Today something exciting happened. I was doing some exercises, lying on my back, both arms raised above me. The morning light, the white ceiling behind, a light suntan, revealed how wrinkly my skin has become. I hadn’t noticed. Because my arms were held straight up, there was a noticeable skin sag happening around my hands too, revealing landscapes, like dried river beds, or cracks in the river silt of the Severn. I became mesmerised.
I took several shots of my hands and while I did I reflected on the video work I did for my MA. That was a series of films in an installation, close-up images of body parts, morphing and squeezing, all viewed through a mirror tunnel, which created a virtual ball of slow moving ambiguous flesh-bodies. Other video clips of my face against a mirror were shown inside a mirror-topped plinth with a peepholes in the centre of the mirror. As the viewer leant over and looked in, they also saw their own face reflected on the surface while they viewed the video inside.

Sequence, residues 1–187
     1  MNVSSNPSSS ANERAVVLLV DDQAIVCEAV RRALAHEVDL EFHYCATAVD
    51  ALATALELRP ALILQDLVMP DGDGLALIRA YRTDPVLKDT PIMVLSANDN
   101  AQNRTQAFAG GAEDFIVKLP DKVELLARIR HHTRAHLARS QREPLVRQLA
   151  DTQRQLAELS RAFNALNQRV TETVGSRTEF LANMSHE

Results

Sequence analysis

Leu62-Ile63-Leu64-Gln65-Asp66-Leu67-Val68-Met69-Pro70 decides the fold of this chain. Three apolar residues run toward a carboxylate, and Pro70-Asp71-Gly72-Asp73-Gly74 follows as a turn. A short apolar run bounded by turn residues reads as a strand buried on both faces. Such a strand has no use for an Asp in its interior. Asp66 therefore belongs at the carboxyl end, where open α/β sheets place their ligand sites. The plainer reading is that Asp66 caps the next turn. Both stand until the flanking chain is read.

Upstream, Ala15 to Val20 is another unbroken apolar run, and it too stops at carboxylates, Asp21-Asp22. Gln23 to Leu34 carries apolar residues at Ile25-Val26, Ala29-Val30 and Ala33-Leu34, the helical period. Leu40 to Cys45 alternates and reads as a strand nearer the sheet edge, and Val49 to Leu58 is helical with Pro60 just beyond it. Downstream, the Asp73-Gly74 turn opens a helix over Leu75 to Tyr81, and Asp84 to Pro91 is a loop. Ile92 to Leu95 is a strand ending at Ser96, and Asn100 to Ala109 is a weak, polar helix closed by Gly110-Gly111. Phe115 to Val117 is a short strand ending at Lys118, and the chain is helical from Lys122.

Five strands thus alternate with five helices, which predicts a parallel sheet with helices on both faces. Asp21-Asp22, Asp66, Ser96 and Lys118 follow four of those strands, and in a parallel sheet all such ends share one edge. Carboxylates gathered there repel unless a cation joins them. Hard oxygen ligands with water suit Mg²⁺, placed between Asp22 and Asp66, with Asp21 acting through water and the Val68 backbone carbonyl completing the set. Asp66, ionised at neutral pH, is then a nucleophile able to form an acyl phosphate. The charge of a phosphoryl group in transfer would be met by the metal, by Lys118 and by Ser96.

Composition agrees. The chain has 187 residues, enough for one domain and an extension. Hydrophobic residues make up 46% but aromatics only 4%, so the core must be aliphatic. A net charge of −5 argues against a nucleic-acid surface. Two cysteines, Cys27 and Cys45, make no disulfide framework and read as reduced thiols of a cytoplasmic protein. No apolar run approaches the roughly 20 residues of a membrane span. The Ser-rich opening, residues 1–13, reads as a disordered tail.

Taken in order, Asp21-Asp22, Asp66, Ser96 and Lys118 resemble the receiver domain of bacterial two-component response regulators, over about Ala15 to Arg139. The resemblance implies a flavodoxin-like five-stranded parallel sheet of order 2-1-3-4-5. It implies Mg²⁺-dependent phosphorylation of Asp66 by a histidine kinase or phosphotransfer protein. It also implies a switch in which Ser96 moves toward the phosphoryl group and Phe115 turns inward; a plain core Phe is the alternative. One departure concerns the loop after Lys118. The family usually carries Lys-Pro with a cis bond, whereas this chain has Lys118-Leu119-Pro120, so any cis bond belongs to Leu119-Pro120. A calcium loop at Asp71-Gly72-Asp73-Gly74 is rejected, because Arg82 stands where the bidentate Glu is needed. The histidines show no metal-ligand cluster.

I reflected on the gaze – Martin Jay’s book has always hung in my mind and informed my understanding of how we view, and are viewed. My mind slipped into the traditions of self-portraits, the glum looks, the depth of the stare needed to portray oneself. I went on to consider selfies, the contemporary form of self-portraiture that is the opposite of the artist self-portrait. The selfie is not about self examination, but one of self-display, of performing to camera.
As someone who enjoys using lens-based media – camera, 360 or video, I am very self-aware of my aversion to being photographed myself. As I lay there on my back, wondering at what I could see, and what I could frame, with my mobile phone, I switched it to selfie mode and explored. I brought the lens in close to my face, to remove the portraiture and reveal the surface, the landscape, of my skin. I held it steady and closed my eyes before shooting. I made several, mostly of my face. I was intrigued how foetal they looked. Lying on my back, eyes closed, there was no tension, I was relaxed and playing. As I thought about it I smiled, and caught the smile growing on my face.
I think I have found my new muse. Not a riverscape, but one of my body, of shifts and change, of how we perceive ourselves through self-portraiture and lenses.